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  • Rick Cramblet

Does Your Culture Stink?

The "smell" of your organization's culture is a bigger deal than you think!

Every business or organization has a culture. Yours does - like it or not. And there's a good chance that it stinks.


Here's the reality... The culture of an organization speaks louder than what the employee handbook does (or doesn't) say. Culture either impedes or supercharges the realization of your "Vision" and "Mission" statements. Culture will blunt your best efforts to move forward or it will boost your efforts beyond the available resources you can currently muster. Culture can be the most beneficial force within your workplace or the most detrimental. Most leaders pay very little attention to culture and lack of attention almost always means the culture stinks.


I often tell clients their culture can motivate their staff to do things they would never ask of them or it can inhibit them from doing what you are already paying them to do...

A textbook definition of culture would be as follows: "Corporate culture refers to the beliefs and behaviors that determine how a company's employees and management interact and handle ... transactions. Often, corporate culture is implied, not expressly defined, and develops organically over time from the cumulative traits of the people the company hires. A company's culture will be reflected in its dress code, business hours, office setup, employee benefits, turnover, hiring decisions, treatment of clients, client satisfaction, and every other aspect of operations.


A key take away from that definition is that many organization's cultures are "not expressly defined". Instead, the undefined culture is "implied" - but an implied culture is open to a wide variety of interpretations. Unless you know what want your culture to be, unless you can give it clarity in your own mind, how can you expect to see progress towards it becoming a reality? Holding that position is as crazy as saying "We don't need to establish a budget for next year's sales - I'm sure whatever happens will be just fine..."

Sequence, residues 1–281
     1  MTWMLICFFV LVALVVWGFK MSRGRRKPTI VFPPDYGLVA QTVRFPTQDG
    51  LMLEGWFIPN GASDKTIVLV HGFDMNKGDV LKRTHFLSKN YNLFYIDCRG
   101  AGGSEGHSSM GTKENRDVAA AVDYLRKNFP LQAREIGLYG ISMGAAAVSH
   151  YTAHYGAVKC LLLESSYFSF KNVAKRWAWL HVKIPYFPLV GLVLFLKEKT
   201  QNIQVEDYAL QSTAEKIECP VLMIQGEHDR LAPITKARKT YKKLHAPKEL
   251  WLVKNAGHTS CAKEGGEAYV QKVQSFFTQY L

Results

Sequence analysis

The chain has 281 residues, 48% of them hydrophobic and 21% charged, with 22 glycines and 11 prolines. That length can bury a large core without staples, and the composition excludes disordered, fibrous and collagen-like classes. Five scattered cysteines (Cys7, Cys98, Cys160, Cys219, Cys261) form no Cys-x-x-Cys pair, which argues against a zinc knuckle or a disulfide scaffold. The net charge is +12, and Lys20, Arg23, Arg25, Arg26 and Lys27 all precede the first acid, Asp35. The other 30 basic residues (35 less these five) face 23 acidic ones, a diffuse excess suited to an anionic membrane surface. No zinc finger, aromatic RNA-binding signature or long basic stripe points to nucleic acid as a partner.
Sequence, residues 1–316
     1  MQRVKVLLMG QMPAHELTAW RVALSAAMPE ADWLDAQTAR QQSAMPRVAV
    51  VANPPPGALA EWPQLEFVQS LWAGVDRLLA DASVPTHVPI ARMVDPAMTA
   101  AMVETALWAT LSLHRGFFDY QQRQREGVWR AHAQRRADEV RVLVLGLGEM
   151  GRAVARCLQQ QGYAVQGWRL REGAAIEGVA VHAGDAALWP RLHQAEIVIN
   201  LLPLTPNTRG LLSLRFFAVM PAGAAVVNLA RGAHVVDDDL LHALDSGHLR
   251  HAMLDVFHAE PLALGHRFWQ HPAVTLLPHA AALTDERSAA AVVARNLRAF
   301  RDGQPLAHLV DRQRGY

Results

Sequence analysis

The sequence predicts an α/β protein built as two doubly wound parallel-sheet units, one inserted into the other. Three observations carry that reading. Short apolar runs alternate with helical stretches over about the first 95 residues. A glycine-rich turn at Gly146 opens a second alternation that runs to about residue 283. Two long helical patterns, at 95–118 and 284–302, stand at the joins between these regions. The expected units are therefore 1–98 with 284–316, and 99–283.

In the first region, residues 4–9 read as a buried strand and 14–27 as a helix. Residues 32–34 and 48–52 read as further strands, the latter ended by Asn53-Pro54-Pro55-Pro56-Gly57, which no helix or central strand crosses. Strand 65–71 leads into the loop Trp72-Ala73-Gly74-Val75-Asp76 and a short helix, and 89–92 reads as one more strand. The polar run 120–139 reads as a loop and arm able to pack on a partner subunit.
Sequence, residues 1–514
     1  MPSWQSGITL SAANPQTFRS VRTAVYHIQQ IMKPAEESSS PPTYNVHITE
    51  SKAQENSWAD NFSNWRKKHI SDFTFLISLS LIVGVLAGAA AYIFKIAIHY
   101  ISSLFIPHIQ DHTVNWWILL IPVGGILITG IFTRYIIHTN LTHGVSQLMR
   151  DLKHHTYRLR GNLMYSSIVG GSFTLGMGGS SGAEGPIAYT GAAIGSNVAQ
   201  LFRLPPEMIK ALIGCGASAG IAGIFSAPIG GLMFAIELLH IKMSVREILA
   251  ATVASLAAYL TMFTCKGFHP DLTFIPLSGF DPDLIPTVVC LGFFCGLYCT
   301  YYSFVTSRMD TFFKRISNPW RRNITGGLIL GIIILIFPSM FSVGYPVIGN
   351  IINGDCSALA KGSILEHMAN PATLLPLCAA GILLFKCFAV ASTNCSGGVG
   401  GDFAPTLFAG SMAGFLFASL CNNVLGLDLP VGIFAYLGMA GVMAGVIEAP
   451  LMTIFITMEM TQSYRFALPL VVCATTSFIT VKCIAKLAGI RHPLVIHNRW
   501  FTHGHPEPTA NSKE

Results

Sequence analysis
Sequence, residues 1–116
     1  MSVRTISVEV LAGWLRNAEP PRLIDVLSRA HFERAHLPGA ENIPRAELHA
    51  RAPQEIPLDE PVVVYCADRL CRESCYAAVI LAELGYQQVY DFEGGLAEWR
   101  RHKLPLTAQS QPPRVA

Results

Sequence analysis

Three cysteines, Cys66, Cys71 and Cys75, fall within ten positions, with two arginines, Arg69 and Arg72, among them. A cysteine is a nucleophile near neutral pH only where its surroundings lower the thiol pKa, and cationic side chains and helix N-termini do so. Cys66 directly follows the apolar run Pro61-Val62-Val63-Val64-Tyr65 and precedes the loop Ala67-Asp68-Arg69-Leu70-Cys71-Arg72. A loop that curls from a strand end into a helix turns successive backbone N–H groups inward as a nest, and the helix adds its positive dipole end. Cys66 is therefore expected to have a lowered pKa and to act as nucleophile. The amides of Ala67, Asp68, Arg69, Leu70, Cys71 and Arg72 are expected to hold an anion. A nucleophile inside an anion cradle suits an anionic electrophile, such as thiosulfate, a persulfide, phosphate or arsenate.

I'm going to assume you do not do that.


What To Do?

Step 1: I recommend you start with a very simple exercise - write down the attributes that you want to characterize your organization's culture. You're the boss - what do you want valued? Write these attributes down in no particular order but be as specific as possible. Do you want "Truth Telling" to be foundational in your organization? Write it down. Do you want want people to "Collaborate" or to "Compete"? Write it down. Do you want your people to be "Creative" or to "Follow Instructions"? Is "The Customer is King" what you want or is it "Company First"?


This process will generate values that conflict and that should show you the benefit of this exercise. If this is what you (the leader) are struggling with, how hard do you think it is for your staff to get this right?


Step 2: Take your list of values and eliminate any conflicts. Be brutally honest with yourself about what behaviors and attitudes you want to see displayed in your organization and make sure they are going to enable you to reach the goals and objectives you have established (here's what Coca Cola UK came up with). Be aware that every "we are" will have a corresponding "we are not" and those can be very useful in eliminating your conflicting values. Being "Courageous" is not in conflict with being "Humble". "Courageous" people can be "Humble" people, but they can't be people who cover up their mistakes. "Humble" people can "Play to Win" people but winning will look very different if humility isn't a value you want to encourage. You are telling people how you expect them to act every day in the execution of their roles and responsibilities - be sure you are being as clear as possible about what those values are.


Step 3: Vet your list of cultural values with other leaders - inside and outside your organization. Show your list to the other leaders inside your business and see if they agree that these are values that would (continue?) take the organization in the right direction. Get ready to be challenged and to defend your thoughts. "Iron sharpens iron" - this is a valuable exercise and worth the effort! Show your list to people you respect outside the organizational "echo chamber" and see what they think. This can require a degree of humility that we don't want to display because we want to look good in front of our peers. Let me encourage you to do exercise this by telling you that most of the people you ask will not have put as much thought into it as you have and this might actually be the start of a useful conversation for both of you!


The Harvard Business Review states "culture can account for 20-30% of the differential in corporate performance when compared with ‘culturally unremarkable’ competitors.” Do you want to outperform your competition? How about making sure you can compete with the best-in-class in your field? What else can you do that will give you the "bang for the buck" like focusing on your organization's culture? There's really nothing; it's time to get started...


Next Time: How Much Does "Culture" Cost an Organization?

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